Monday, 24 January 2011
This study investigates the use of a storm classification algorithm to produce a preliminary climatology of storm types throughout the United States. Automatic algorithms could conceivably use probabilities derived from environmental data, radar data, and storm type to nowcast hazards associated with storms. Such products could enhance efficiency of real-time forecasting operations during a busy shift with minimal staffing, such as during a tornado outbreak, when the forecaster cannot supervise all significant attributes of a growing storm.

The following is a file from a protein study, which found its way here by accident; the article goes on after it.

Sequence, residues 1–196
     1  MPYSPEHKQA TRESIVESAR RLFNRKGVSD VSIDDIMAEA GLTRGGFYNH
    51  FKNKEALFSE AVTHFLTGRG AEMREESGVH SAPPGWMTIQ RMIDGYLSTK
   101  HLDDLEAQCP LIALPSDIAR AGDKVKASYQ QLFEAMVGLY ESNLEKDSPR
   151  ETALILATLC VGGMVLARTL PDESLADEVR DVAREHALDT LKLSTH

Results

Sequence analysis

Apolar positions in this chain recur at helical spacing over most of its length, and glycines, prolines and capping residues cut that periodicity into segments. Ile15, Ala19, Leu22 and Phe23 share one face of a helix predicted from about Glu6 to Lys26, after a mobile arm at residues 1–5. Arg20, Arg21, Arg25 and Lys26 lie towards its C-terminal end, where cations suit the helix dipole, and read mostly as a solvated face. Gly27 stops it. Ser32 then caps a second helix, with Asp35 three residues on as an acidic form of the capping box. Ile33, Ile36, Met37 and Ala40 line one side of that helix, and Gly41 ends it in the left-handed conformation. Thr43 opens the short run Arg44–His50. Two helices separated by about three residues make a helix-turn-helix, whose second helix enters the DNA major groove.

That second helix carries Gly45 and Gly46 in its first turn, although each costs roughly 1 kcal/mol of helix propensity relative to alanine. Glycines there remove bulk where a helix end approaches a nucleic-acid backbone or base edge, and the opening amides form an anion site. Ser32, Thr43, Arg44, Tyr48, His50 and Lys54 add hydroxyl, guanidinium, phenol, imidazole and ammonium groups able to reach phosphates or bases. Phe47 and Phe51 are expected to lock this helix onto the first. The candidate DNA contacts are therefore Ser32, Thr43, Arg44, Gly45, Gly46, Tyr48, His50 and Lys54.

The automated approach to classifying convective storms is based upon both environmental and radar data by means of a K-Means clustering and watershed segmentation algorithm. Radar and environmental data, which were extracted from the generated clusters, provided the data for the development and training of decision tree models to predict storm types. These decision trees generated a preliminary climatology of storm types for the CONUS. Both seasonal and regional characteristics were investigated for dates between February 2009 through December 2009.
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